The romance of Medieval Courtly Love practised during the Medieval times of the Middle Ages was combined with the Code of Chivalry and the art of Chivalry.
There were strict rules of courtly love and the art of Medieval Courtly Love was practised by the members of the courts across Europe during the Medieval times and era.
The art of Medieval Courtly Love was practised in English courts from the 1300's to the 1500's.
During this period of time marriages were arranged and had little to do with love.
A 2005 study of 115 people ages 21 to 35 who were either living with or had lived with a romantic partner notes that the lack of proper terms often leads to awkward situations, such as someone upset over not being introduced in social situations to avoid the question.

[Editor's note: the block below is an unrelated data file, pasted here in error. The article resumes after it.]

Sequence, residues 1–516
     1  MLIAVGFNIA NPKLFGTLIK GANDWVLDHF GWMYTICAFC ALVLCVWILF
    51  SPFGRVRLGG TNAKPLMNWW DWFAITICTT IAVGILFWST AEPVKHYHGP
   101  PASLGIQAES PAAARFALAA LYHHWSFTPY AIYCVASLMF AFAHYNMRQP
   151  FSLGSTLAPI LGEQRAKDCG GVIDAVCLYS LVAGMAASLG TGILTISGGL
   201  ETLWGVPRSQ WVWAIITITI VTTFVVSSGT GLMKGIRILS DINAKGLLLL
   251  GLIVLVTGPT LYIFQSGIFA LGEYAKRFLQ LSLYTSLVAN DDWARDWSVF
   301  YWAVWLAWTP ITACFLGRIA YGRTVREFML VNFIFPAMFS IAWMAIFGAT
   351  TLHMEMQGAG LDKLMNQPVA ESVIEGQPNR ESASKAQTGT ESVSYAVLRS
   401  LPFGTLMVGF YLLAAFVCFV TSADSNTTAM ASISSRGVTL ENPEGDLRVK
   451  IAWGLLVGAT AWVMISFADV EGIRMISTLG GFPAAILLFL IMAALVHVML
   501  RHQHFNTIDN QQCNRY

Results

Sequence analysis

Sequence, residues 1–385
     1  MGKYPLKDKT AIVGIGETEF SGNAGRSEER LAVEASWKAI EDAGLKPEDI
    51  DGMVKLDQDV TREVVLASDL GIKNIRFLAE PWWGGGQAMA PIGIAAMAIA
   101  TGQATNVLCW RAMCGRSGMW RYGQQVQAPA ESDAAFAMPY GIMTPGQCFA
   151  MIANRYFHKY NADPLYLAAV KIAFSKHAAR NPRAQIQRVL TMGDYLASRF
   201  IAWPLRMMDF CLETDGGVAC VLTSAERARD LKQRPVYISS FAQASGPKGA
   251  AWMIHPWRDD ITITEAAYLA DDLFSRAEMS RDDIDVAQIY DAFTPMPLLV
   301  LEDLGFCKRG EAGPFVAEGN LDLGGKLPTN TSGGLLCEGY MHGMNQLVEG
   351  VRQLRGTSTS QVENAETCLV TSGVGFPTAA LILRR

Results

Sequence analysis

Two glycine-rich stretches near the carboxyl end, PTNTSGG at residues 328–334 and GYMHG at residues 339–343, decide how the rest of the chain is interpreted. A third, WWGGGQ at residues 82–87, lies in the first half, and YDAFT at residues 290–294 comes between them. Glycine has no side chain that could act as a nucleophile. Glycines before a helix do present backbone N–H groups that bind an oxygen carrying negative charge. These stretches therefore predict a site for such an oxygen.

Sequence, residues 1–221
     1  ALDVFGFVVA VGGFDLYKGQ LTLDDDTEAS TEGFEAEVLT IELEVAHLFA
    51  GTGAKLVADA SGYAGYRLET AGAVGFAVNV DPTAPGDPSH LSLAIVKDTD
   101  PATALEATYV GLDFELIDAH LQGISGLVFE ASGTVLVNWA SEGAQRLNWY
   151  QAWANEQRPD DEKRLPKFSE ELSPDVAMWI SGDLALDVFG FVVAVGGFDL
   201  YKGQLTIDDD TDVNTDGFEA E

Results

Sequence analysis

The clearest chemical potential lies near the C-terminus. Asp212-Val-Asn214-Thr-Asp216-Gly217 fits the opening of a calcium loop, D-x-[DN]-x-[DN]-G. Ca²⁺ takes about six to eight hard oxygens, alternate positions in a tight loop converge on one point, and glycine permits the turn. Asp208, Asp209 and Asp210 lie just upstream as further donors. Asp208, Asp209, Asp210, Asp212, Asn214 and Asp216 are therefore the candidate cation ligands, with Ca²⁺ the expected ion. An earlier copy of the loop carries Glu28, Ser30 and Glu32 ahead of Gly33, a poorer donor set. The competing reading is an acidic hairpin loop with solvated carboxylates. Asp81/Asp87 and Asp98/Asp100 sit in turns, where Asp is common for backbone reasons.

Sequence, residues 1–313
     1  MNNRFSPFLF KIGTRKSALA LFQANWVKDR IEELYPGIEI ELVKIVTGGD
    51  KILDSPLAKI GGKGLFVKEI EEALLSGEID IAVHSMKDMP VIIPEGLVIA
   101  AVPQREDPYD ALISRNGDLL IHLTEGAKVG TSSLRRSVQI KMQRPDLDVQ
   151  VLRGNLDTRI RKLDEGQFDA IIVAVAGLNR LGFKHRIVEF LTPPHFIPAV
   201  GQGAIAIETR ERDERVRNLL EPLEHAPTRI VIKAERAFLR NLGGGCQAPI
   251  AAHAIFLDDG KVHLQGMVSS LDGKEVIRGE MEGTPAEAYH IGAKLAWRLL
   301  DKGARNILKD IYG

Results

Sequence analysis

Prior to that, courtship was a matter of family and community interest.Marriage Medieval times was quite different than it is today. Husbands and wives were mostly strangers until they first met.For one, girls didn't have a choice who they married. Love was expected to come after the couple had been married and if it didn't, the couple would at least developed a friendship of some kind.Girls didn't even know the man before they wed most of the time. Parents arranged their children's marriages based on monetary worth.Children were married at a young age; girls were as young as 12, and boys as young as 17.Chivalry, or the chivalric code, is an informal, varying code of conduct developed between 11, never decided on or summarized in a single document, associated with the medieval institution of knighthood.